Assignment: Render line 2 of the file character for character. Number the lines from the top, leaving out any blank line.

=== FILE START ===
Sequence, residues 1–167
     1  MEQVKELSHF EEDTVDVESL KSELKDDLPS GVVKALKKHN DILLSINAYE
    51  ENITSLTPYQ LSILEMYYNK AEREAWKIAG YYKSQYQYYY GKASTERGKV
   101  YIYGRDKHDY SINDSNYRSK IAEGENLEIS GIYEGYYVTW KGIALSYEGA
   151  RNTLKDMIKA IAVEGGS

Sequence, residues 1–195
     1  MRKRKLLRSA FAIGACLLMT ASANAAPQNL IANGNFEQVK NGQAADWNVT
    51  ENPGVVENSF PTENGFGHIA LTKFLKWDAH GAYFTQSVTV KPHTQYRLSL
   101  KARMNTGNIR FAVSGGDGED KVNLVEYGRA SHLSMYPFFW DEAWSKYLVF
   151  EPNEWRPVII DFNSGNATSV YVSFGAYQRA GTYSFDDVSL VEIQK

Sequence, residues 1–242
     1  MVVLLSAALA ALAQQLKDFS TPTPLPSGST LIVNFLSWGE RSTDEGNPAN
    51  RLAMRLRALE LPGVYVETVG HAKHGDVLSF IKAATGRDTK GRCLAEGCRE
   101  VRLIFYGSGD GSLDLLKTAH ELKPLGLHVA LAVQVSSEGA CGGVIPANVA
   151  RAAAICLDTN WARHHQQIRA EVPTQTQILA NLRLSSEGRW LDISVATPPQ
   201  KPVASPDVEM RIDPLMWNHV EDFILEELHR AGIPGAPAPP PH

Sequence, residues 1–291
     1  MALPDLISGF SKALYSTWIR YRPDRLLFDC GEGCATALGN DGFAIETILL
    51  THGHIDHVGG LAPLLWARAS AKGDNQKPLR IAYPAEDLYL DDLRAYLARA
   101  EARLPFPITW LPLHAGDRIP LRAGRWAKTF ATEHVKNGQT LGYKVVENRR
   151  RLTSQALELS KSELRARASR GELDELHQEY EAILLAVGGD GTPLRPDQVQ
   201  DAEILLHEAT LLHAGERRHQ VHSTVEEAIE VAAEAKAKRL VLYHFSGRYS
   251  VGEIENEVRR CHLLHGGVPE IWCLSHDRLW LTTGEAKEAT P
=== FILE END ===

     1  MEQVKELSHF EEDTVDVESL KSELKDDLPS GVVKALKKHN DILLSINAYE